Goddess Ganga – The Holy River

Ganga is a holy river for Hindus. Known as the Ganges in English, it is today very polluted, but still plays a huge part in Hindu belief. The river starts at the Gangotri glacier in the Himalayas and flows over 2,500 kilometers, before entering the Bay of Bengal, off east India. Ganga contributes over 25 percent of India’s water resources.

Ganga the Goddess

Hindus worship Ganga as a mother. Ganga, the deity, is portrayed as a beautiful woman with fair complexion, sporting a white crown and carrying an earthen pot and a water lily. Her chosen vehicle is a pet crocodile.

Rituals along the Ganga

Hindus perform rituals along the banks of this river, believing it would bless them. The water of Ganga is considered sacred. Hindu scriptures say a mere dip in this holy river absolves the devotee of all his previous sins and gives him or her heavenly blessings. An ancient text, the Narada Purana, reveals that in this Kali Yuga, pilgrimages to the holy Ganga are of great importance.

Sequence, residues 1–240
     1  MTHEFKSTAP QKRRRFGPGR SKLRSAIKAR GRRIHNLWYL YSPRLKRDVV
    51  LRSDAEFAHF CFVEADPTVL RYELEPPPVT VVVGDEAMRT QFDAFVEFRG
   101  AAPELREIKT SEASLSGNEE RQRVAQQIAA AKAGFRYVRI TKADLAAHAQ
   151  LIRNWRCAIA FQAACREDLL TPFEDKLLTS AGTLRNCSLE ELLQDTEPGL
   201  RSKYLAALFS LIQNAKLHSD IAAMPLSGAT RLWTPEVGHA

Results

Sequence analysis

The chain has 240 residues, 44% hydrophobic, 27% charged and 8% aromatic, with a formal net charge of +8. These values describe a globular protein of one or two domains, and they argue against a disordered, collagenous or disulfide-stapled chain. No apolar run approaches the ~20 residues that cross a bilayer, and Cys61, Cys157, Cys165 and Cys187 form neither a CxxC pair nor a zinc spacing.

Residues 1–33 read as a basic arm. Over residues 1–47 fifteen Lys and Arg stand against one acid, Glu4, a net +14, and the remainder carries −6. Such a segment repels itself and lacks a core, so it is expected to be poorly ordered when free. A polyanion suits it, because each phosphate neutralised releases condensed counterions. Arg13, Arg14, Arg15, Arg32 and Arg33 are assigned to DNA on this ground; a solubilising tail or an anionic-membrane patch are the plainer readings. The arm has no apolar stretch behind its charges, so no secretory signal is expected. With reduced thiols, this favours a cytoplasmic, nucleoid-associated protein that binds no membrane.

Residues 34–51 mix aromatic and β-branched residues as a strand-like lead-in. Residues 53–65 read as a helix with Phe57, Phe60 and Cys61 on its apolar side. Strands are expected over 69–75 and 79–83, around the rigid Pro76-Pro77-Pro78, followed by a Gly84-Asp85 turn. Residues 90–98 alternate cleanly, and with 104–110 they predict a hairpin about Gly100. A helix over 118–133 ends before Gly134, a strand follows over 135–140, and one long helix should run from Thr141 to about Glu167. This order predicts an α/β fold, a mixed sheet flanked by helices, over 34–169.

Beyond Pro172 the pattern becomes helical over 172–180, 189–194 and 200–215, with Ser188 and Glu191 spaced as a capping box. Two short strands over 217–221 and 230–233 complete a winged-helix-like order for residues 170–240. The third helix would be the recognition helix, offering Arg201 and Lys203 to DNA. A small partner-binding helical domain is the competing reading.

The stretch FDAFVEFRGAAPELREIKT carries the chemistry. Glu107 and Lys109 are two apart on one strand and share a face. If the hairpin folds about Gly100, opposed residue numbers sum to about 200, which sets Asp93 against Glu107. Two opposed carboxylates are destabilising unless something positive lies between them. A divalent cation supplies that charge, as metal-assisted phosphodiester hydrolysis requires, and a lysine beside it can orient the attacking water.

Heavenly Land

Ganga flows over blessed land. Hindus believe that anyone who dies in the banks of this hallowed river reaches heaven, with all sins absolved. Dead bodies are cremated along the banks and the ashes dispersed over the water. This is considered auspicious, leading to the salvation of the dead person’s soul. There are famous burial ghats in Varanasi and Haridwar for this purpose.

Ganga festival

In summer, Hindus celebrate the Ganga festival to venerate the occasion of the sacred river’s descent to earth. A dip in the river, on this festive day, is believed to cleanse all the sins of the devotee. Worshippers offer milk, flowers and sandalwood, and light lamps and incense. The aquatic creatures of the river are given flour balls.

1 response to Goddess Ganga – The Holy River

  1. Neha said on May 11, 2010

    The Ganges River is the greatest waterway in India, it is one of the longest rivers in the world. The Ganges river flows through Bangladesh, but the greater part of it flows through India. The river begins high in the Himalayas as a pair of head streams.